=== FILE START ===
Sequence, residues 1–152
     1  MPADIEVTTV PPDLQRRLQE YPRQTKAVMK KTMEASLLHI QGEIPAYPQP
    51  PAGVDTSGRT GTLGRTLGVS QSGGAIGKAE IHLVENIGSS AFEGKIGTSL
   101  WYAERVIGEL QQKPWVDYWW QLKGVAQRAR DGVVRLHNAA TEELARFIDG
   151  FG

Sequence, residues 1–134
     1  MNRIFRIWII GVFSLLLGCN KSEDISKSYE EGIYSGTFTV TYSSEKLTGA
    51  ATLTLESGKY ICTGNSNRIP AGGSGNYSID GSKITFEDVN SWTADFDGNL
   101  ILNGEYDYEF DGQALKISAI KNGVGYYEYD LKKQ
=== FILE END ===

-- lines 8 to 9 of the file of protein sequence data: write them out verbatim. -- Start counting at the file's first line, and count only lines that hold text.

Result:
    51  ATLTLESGKY ICTGNSNRIP AGGSGNYSID GSKITFEDVN SWTADFDGNL
   101  ILNGEYDYEF DGQALKISAI KNGVGYYEYD LKKQ